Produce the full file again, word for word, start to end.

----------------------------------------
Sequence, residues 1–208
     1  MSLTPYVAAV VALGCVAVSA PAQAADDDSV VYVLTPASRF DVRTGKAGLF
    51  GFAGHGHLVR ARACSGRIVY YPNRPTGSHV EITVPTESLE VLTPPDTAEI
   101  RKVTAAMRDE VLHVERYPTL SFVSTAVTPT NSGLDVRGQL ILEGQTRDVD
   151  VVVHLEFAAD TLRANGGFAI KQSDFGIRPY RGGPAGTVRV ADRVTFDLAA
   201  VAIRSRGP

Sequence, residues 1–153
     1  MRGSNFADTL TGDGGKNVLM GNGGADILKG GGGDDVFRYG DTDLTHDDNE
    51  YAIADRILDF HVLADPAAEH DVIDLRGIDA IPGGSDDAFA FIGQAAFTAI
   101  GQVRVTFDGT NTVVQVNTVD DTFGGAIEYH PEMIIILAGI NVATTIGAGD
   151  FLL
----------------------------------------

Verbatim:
Sequence, residues 1–208
     1  MSLTPYVAAV VALGCVAVSA PAQAADDDSV VYVLTPASRF DVRTGKAGLF
    51  GFAGHGHLVR ARACSGRIVY YPNRPTGSHV EITVPTESLE VLTPPDTAEI
   101  RKVTAAMRDE VLHVERYPTL SFVSTAVTPT NSGLDVRGQL ILEGQTRDVD
   151  VVVHLEFAAD TLRANGGFAI KQSDFGIRPY RGGPAGTVRV ADRVTFDLAA
   201  VAIRSRGP

Sequence, residues 1–153
     1  MRGSNFADTL TGDGGKNVLM GNGGADILKG GGGDDVFRYG DTDLTHDDNE
    51  YAIADRILDF HVLADPAAEH DVIDLRGIDA IPGGSDDAFA FIGQAAFTAI
   101  GQVRVTFDGT NTVVQVNTVD DTFGGAIEYH PEMIIILAGI NVATTIGAGD
   151  FLL